Internet censorship can be found anywhere. For instance, there is essentially little control on the internet in Estonia, yet pure authoritarianism reigns in Iran and no one asks for people’s thoughts.
The country is well-known for The Great Firewall, which prevents access to much of the external internet. Everything the Chinese people require is available to them. An analog of Facebook, Twitter, numerous variations of YouTube. WeChat chat is used to communicate, order a cab, and transfer money. Western versions of these products are, in fact, illegal in China. Some services, like pirate bay are blocked entirely without analog. Even Google’s search engine is completely constrained.
The Chinese devise ciphers to communicate in a language incomprehensible to the state and use technical means to avoid various restrictions, but this does not mean that absolute censorship is eliminated. The government is also expanding the control systems.
A country with severely limited access to the internet. It’s so tight that you might as well call it nonexistent. Only a small number of people have access to the internet (and only to check emails). There is an internet cafe, but it is closely regulated.
I believe it is similar to the local servers that existed in the Russian Federation in the mid-nineties since the cost of data transfer for accessing the external internet was too expensive.
There is a sliver of the internet where you can read the news, but everything has been filtered ten times and has nothing to do with the global web.
Only a small percentage of the Cuban population has access to the internet. Until 2008, the Internet was prohibited in the country, and only members of the ruling class and the government could access it. Citizens of the country could only go online 13 years ago. However, the ordinary Cuban’s monthly salary is just enough to buy the internet at home. There are old PCs with the state operating system at internet cafes that can only be used by highly wealthy people.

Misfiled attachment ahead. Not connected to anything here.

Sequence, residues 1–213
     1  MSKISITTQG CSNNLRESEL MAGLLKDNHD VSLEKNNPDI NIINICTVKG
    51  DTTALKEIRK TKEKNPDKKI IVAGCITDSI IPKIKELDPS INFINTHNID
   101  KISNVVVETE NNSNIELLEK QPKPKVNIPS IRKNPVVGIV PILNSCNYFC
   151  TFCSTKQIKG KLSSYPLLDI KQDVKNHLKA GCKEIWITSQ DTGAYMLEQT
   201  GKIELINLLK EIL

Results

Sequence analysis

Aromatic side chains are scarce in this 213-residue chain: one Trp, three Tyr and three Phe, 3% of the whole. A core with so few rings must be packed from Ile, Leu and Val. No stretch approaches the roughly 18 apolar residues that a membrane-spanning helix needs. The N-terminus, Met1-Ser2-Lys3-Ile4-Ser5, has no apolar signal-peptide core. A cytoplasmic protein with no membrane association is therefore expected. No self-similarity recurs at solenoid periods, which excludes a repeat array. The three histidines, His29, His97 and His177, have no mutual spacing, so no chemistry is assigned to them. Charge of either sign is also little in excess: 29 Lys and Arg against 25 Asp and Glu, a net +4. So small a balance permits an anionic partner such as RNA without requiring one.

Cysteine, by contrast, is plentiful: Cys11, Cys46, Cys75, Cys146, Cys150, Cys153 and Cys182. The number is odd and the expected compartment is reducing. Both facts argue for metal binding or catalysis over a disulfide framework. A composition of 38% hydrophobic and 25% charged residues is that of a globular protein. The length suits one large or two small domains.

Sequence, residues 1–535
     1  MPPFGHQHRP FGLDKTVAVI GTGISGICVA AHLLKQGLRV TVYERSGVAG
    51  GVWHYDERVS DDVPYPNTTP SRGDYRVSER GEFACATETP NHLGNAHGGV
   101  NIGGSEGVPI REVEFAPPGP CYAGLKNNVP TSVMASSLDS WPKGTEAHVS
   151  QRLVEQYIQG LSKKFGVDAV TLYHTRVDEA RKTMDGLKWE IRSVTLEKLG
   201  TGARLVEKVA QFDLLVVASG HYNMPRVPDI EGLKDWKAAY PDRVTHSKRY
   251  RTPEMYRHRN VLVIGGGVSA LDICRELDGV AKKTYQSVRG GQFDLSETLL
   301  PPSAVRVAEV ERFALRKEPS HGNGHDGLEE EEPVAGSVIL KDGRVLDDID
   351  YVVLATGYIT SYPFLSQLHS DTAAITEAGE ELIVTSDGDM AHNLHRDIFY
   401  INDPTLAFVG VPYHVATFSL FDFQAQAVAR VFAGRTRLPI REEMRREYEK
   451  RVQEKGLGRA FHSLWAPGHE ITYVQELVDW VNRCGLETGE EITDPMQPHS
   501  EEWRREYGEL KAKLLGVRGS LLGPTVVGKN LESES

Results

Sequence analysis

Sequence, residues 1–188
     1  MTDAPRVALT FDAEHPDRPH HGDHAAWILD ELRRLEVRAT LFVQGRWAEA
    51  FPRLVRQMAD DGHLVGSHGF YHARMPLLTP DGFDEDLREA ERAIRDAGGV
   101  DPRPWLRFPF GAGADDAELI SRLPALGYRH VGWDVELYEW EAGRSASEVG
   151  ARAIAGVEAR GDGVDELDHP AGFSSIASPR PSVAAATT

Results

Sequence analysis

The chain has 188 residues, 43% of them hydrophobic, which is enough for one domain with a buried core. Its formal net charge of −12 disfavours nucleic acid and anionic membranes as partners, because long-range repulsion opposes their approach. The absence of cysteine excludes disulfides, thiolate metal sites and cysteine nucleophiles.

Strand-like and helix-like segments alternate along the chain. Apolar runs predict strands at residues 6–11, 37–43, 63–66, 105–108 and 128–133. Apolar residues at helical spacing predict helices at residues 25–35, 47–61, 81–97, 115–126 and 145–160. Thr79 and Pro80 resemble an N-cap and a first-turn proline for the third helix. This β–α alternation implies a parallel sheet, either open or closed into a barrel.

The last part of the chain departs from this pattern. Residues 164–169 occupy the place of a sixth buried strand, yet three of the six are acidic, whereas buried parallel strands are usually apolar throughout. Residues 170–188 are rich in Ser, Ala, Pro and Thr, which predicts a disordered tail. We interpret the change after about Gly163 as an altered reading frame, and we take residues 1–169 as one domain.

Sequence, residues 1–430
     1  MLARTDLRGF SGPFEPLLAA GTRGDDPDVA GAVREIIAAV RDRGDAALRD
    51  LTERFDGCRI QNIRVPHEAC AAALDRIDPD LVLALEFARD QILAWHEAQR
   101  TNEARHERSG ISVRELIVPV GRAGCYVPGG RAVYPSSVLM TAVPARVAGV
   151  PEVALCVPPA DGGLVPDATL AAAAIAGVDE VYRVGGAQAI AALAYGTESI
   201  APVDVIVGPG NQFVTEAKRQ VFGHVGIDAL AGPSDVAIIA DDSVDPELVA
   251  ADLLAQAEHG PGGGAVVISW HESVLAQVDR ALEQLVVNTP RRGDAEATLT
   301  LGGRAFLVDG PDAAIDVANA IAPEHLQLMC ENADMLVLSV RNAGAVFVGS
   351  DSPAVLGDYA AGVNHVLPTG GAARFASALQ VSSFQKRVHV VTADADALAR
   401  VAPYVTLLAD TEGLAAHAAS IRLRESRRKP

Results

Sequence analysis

Only with the introduction of mobile internet in the country in 2018 did the situation begun to alter. Yes, the high cost isn’t as horrible as a total ban, but absolute state control hasn’t gone away.
In Belarus, access to a huge number of websites is restricted. This is primarily due to political considerations. The country monitors any unrest on the Internet, protest calls, and so on. As a result, the Change.org or pirate bay website, for example, are inaccessible.
The information is completely under control. Every visitor to the internet cafe is required to leave personal information behind. Telecommunications companies will supply all required information to the government upon initial request.
In Iran, there are severe issues with freedom of expression. Any reference to politics on the network must be blocked by the telecoms provider (whether negative or positive is not so important). Homosexual-related websites are likewise automatically filtered.
If you even mumble about feminism, the resource will be automatically blocked. Women are also not allowed to blog because doing so may result in a lengthy prison sentence.
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